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Vet Department Says ‘Rubbish Pork’ Claims Untrue

15 October 2010

MALAYSIA - The Veterinary Services Department director-general Datuk Dr Abdul Aziz Jamaluddin has denied claims that pork imported into Malaysia is of low quality and dubbed ‘rubbish pork’.

Dr Abdul Aziz said the claims that appeared in several Chinese dailies recently were untrue as imports were only allowed from department-approved overseas abattoirs and these were known to maintain high operating standards.

He said the department always acted to protect the safety and health of consumers in the country and only approved abattoirs abroad after its officers had visited the facilities to ensure conditions were acceptable.

The department, he said, closely monitored the meat being brought in and took action to stop imports if there were reports of disease outbreaks or other pork-related health issues in the countries concerned.

“Reports that the meat is of low grade are untrue and I want to assure consumers they can continue to buy and consume the meat without worries,” he said.

The Star reports that Dr Aziz said over 98 per cent of the country’s pork supply came from local farmers and this meant that less than 2 per cent of the meat was actually imported.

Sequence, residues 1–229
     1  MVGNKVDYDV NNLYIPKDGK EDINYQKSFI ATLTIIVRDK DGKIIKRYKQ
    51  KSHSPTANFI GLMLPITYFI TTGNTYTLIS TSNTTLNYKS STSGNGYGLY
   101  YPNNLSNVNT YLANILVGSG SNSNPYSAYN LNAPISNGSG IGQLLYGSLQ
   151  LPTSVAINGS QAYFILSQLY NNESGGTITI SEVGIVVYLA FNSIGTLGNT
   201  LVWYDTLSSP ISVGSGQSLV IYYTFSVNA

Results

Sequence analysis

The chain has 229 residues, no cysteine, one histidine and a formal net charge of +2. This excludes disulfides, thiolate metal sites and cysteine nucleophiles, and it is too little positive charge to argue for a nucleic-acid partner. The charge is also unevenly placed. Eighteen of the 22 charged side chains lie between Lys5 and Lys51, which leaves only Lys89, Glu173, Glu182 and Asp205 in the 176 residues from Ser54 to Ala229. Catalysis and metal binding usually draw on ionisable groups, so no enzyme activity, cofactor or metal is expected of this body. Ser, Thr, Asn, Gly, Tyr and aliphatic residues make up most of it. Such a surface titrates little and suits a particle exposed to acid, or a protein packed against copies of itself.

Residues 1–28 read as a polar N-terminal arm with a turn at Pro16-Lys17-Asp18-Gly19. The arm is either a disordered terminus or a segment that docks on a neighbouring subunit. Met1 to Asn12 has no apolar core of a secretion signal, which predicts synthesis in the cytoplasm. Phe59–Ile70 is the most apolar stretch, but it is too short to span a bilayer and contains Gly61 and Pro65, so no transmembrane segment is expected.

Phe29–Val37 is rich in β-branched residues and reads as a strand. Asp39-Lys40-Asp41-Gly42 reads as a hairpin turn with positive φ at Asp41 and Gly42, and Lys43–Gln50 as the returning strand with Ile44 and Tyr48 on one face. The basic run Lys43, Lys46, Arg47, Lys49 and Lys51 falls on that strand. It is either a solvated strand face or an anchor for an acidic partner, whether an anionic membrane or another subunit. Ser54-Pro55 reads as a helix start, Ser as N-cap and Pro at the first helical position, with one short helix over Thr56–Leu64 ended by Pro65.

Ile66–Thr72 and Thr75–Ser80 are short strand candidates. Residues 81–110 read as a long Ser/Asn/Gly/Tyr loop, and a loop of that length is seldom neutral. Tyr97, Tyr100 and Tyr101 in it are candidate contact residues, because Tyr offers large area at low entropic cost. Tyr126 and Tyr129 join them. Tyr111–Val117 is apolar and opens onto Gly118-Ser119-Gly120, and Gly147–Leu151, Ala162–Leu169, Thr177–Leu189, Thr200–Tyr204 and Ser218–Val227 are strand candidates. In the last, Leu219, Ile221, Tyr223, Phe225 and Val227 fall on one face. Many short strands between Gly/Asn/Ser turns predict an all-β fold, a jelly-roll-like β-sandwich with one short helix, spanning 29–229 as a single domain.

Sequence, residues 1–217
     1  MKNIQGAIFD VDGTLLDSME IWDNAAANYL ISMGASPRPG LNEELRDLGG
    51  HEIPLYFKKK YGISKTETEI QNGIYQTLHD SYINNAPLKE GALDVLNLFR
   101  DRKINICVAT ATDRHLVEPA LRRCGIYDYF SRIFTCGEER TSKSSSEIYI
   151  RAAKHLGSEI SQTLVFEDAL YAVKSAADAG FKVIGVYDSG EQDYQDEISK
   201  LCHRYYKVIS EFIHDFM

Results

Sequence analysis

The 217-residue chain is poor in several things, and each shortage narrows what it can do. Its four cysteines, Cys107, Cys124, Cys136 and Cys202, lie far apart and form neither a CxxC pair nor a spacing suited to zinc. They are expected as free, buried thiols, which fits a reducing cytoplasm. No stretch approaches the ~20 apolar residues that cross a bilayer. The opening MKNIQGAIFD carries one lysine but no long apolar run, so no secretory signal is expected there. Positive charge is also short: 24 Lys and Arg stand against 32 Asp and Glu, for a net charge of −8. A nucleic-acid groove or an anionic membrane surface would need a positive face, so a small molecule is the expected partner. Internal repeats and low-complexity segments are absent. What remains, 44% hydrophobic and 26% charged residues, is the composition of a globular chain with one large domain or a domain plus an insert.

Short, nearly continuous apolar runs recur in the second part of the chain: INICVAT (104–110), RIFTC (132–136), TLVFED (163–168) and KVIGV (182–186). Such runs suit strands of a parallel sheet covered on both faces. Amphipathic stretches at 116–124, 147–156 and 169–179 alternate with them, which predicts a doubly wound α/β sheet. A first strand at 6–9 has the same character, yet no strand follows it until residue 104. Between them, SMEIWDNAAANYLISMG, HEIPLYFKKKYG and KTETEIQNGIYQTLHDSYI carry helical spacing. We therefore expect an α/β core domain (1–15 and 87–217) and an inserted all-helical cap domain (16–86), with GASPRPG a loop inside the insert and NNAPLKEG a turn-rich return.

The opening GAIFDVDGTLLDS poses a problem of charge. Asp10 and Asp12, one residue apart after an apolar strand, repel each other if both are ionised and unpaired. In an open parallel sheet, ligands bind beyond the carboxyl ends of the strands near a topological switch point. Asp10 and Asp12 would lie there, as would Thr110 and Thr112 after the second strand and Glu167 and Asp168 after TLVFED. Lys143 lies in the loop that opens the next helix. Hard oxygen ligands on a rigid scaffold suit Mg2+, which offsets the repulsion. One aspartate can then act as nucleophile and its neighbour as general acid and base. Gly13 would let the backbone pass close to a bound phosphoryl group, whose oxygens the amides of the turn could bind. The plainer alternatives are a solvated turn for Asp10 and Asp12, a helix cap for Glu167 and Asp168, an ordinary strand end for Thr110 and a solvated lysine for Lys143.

On another matter, Dr Abdul Aziz said the department was concerned over the large number of unlicensed pig farms in the country and urged state governments to give them licences so their operations could be closely monitored and controlled.

He said of the 778 farms in the country only 478 were licensed by state governments while none of those in Selangor and Malacca were licensed.

“In Malacca’s case the state government is working on moving all of the farms to Paya Mengkuang so their operations, including their waste management practices, can be closely monitored.

“But in states like Selangor where there are 128 farms, there seems to be no progress on creating a centralised farming area or in licensing the farms that have existed for many years,” he said.

Abdul Aziz said Johor set the best example as not only were all 50 of the farms licensed but the state had its own laws to ensure pig farmers adhered to regulations on the use of growth enhancers like Beta Agonist or antibiotics and that their animals were disease-free and the farms did not create pollution.

He said licensing for the farms were left to the states as land use came under their jurisdiction and the department could only advise the state governments on the best way to manage the farms.

“The Veterinary Services Department is willing to assist the states in any way we can and the states can also take advantage of the federal government programme for creating centralised pig farming areas like what the Sarawak government is working on now,” he said.

He also said the state governments should press the farmers to adopt environment-friendly operating methods especially since farmers made sizeable gains with over RM200 in profits for every 100kg of meat they sold.

ThePigSite News Desk



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